Do Enterprises Need a Secure Texting App?

Texting apps like WhatsApp, Snapchat and Kik are gaining mass popularity in the consumer space, but what about texting apps for the enterprise?

Apps like TigerConnect Clinical Collaboration Platform – Standard are widely popular in the healthcare sector due to HIPAA regulations around texting PHI, but with more companies embracing bring your own device (BYOD) policies, there is a strong business case for enterprises needing a secure texting solution.

A study from last year found that more than 60 percent of enterprises allow employee use of personal devices to access enterprise data. With that in mind, companies should without a doubt pay close attention to the channels their employees use to communicate. To manage compliance risks and safeguard their network security, several organizations are questioning if they should turn to secure texting, and the answer is a resounding yes.


Secure texting not only fosters a collaborative environment, but it also enables users to quickly communicate and coordinate with other colleagues while eradicating the need for multiple devices and tedious communication channels. Unlike emails, secure texting is instantaneous and avoids outside threats or hackers. Messages sent across a secure texting app are encrypted in transit and at rest, removing the risk of hacking.

Additionally, with secure text messages, information can be sent and received on the go without having to repeatedly log in to a website or console to view them. Beyond the mobility features, more and more organizations are turning to this form of communication outside and inside the office as it ensures a safer way to share information. After all, why risk a company’s corporate data when it’s so easy to use an app for the purpose of communicating? Secure texting encompasses everything we love about mobile messaging, but with built-in features and tools to help one work faster and more easily with his or her team.

Enterprise-Worthy Features

  • Privacy and Security –Secure texting is encrypted, safe and helps comply with many enterprise regulations including HIPAA, FINRA, SOX and more. Additionally, messages can be set to immediately self-destruct upon being read, ensuring the messages never end up in the wrong hands.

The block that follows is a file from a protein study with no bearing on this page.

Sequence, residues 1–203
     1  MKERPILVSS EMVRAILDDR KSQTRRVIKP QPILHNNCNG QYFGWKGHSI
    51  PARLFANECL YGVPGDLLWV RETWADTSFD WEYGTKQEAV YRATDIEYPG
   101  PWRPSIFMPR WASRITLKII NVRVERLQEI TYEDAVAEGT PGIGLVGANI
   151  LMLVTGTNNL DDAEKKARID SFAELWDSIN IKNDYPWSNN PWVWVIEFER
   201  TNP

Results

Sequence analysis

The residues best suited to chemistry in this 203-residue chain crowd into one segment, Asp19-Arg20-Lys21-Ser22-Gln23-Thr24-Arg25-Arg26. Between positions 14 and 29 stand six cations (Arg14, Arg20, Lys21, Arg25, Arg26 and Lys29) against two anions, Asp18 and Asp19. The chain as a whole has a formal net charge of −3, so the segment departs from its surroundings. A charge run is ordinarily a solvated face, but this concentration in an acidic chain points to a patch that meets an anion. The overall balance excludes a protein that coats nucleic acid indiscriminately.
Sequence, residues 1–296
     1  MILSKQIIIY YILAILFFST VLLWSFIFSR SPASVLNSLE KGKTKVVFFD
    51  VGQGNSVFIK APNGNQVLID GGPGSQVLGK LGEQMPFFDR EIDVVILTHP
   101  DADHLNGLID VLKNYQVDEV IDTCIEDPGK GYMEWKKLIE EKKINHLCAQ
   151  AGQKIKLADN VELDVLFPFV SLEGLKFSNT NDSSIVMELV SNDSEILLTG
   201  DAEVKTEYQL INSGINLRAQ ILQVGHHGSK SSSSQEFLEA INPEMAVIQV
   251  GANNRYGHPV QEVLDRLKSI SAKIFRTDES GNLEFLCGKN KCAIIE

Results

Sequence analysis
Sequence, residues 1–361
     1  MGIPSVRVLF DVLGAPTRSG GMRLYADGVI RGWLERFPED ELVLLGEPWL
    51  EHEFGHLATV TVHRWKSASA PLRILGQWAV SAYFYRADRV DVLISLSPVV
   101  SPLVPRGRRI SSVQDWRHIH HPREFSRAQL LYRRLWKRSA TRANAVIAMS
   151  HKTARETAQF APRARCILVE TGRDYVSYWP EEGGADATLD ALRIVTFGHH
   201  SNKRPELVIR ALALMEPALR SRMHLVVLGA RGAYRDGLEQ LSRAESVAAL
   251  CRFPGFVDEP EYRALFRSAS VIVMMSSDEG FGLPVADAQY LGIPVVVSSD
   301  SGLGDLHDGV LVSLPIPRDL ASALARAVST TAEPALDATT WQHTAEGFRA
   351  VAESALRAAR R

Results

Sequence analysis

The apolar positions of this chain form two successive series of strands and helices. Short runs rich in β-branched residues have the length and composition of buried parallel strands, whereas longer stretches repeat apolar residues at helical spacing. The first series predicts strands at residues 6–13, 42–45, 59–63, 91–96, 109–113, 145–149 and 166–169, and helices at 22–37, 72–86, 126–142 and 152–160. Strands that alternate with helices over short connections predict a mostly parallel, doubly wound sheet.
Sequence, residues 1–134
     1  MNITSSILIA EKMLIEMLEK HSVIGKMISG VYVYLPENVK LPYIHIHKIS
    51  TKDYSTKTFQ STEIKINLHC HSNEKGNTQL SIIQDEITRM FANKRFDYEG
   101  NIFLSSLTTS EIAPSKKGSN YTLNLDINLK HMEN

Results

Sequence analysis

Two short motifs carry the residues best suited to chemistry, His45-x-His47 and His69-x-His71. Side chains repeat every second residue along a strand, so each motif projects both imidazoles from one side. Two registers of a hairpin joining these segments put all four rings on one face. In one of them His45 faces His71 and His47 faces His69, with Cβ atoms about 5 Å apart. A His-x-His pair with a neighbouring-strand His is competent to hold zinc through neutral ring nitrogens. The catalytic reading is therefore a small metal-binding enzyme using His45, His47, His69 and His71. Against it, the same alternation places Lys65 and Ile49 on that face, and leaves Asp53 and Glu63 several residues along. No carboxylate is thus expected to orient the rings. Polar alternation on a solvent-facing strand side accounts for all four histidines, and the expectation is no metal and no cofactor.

• Keep Your Personal Phone Number Private – With BYOD becoming the norm in the workplace, it’s only fair that one should be able to keep their personal mobile number private. With secure texting, users don’t need to exchange mobile numbers to reach each other with their mobile devices.
  • Instantaneously Chat with Colleagues – Unlike emails, which often take time to draft, texts can be created and sent quickly and on the go.
  • Stay in Touch with Remote or Offsite Colleagues – Today’s workforce is more mobile than ever. Secure texting offers employees the ability to reach remote coworkers without hassle.
  • Separates Personal Conversations from Work Conversations – With separate inboxes, one never has to worry about using multiple apps or communication channels to chat with family and loved ones, in addition to colleagues.
  • Message Read Receipts – Wondering if your coworker has read your email? This is never the case with secure texting…delivery and read receipts ensure users when a message has successfully been delivered and read.

It’s logical to see there’s a strong case to be made that enterprises need secure texting. BYOD will soon be the rule in the workplace, rather than the exception. And with plenty of enterprise-worthy features, it only makes sense to forgo basic texting. The enterprises that see the benefits of such an app and deploy it will be well ahead of the game when it comes to the future of workplace communication.




Brad previously ran DIC Entertainment as President for six years after working for Donaldson, Lufkin and Jenrette as an Investment Banker. After acquiring the company with Bain Capital from the Walt Disney Company in 2000, he helped grow the company from less than $10 million of revenues to over $80 million in 2005 when he took the company public on the London Stock Exchange at a $200 million valuation. Brad received his BA from UC Berkeley and an MBA from the University of Chicago.